The Fox and the Child. Dir. Luc Jacquet. Pathé. 2007.

When asked in an interview how he approached making The Fox and the Child (2007) following the popularity of The March of the Penguins (2005), French director Luc Jacquet replied:

I went into my childhood; into a memory I have of having looked into the eyes of a wild fox when I was a kid. I also noticed that of all the encounters in the world I have had with animals, that when you lock eyes with an animal, something happens that’s very difficult to describe but that is very powerful. [1]

The Fox and the Child, as the title suggests, centres on a friendship forged between a young, unnamed girl (Bertille Noël-Bruneau) and a fox. After their first encounter, which mirrors Jacquet’s recollection, the Girl quickly establishes a psychological ownership over the animal, describing it as ‘my fox’. Due to an injury from playing in the forest, the Girl is forced to spend the winter confined to her bedroom. The arrival of spring heralds recovery, and the united pair spend the bulk of the film exploring the forest together, going on adventures, meeting (and evading) the forest’s other inhabitants, and developing a close bond. However, the Girl desires a closer friendship, bringing the animal into her home in the climax of the film. This is a step too far: the fox panics, jumping out of a window and falling unconscious. Although the fox survives, the two never truly resolve their friendship. In addition to action and dialogue driving the plot, the film also includes a voiceover of the Girl (now an adult) remembering the experience. She narrates the story, adding philosophical platitudes and musings on love, and animals, concluding the film by accepting that the almost disastrous ending to her friendship with the fox was inevitable: ‘we could never truly be friends’.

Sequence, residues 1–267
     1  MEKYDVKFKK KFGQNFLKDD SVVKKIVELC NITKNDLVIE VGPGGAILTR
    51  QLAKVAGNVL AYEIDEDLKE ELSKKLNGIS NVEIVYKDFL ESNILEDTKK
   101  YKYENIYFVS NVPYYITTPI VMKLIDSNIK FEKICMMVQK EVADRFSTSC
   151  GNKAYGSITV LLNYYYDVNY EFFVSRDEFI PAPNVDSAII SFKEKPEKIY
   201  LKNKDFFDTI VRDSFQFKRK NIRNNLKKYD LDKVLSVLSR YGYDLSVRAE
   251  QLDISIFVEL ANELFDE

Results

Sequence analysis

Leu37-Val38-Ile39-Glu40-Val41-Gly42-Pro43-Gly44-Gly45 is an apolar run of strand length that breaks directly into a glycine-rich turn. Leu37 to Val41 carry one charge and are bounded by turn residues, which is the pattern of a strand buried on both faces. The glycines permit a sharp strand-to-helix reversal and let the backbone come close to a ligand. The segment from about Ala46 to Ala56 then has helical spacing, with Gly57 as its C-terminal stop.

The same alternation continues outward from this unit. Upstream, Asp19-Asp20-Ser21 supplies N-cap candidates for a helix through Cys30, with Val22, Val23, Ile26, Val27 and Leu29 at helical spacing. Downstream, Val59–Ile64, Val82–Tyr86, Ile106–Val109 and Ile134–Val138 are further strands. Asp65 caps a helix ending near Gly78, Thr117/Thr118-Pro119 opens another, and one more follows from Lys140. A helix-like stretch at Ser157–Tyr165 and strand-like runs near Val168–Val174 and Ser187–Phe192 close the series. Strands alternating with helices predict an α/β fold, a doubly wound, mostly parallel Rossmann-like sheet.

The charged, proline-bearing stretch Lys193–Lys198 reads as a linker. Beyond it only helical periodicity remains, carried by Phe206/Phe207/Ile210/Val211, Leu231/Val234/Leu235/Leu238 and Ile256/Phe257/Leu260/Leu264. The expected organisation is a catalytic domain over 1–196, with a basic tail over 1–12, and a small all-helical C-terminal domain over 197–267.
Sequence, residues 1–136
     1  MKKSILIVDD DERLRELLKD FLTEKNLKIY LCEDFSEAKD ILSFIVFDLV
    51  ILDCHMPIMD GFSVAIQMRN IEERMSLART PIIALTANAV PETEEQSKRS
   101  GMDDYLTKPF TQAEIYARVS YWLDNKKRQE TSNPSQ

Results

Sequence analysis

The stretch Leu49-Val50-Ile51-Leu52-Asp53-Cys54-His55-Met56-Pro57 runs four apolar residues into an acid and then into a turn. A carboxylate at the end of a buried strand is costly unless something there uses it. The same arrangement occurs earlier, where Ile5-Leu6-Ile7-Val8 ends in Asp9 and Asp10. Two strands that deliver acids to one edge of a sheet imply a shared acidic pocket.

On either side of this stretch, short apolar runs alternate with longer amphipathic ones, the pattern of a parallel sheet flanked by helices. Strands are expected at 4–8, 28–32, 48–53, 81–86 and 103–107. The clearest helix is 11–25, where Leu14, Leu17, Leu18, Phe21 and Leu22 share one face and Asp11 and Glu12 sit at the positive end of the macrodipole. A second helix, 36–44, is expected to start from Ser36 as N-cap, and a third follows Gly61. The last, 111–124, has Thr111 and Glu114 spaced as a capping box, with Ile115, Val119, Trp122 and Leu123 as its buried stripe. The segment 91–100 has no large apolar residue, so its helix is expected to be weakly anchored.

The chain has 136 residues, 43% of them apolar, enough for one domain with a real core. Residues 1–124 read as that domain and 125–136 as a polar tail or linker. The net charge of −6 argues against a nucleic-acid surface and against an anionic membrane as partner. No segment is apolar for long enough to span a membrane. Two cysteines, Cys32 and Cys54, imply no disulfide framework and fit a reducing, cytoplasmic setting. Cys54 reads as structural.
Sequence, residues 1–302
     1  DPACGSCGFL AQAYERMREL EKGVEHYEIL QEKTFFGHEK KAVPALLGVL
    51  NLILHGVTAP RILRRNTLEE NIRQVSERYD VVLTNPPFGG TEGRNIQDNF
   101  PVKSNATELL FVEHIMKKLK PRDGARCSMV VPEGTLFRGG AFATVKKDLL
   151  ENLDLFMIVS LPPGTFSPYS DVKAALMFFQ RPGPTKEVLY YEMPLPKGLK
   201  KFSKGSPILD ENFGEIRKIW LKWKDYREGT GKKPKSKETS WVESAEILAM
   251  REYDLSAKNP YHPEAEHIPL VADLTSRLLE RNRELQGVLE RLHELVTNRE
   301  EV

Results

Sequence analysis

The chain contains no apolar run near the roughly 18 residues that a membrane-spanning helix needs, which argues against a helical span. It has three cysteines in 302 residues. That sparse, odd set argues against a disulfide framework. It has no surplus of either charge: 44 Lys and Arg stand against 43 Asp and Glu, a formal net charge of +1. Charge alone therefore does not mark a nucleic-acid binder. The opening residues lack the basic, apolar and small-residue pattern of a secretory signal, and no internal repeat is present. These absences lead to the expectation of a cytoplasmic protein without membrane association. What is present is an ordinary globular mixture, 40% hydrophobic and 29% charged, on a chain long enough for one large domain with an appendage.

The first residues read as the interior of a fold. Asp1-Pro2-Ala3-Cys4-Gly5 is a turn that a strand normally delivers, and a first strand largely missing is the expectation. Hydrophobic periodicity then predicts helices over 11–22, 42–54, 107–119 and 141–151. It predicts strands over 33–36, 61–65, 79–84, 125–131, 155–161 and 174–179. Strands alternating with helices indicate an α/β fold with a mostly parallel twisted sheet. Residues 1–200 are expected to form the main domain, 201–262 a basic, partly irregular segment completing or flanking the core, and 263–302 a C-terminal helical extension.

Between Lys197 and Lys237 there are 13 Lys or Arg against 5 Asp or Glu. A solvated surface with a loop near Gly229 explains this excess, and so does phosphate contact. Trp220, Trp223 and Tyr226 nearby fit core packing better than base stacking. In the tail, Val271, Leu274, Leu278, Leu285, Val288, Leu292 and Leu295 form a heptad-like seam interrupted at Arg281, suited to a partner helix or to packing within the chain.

The Fox and the Child is a family drama, taking place from the perspective of a child, an intimate position which allows Jacquet to stretch or exaggerate the truth to suit the vivid imagination of the child. This is not a fantasy film – everything which happens on the screen is feasible – but through the eyes of an inquisitive child magic and wonder hides beneath every rock and behind every tree. The scenes shared by the fox and the child are breath-taking, both for their beauty (the film is highly stylised) and because the animal’s tameness is almost unbelievable.

The film borrows heavily from so-called ‘blue chip’ nature documentaries; the scenes of the fox and the child are interspersed with shots of forest creatures in their natural habitats, and visually stimulating panoramas of French and Italian scenery. Like modern wildlife documentaries, the imagery and behaviour of animals is assisted by the soundtrack for dramatic effect.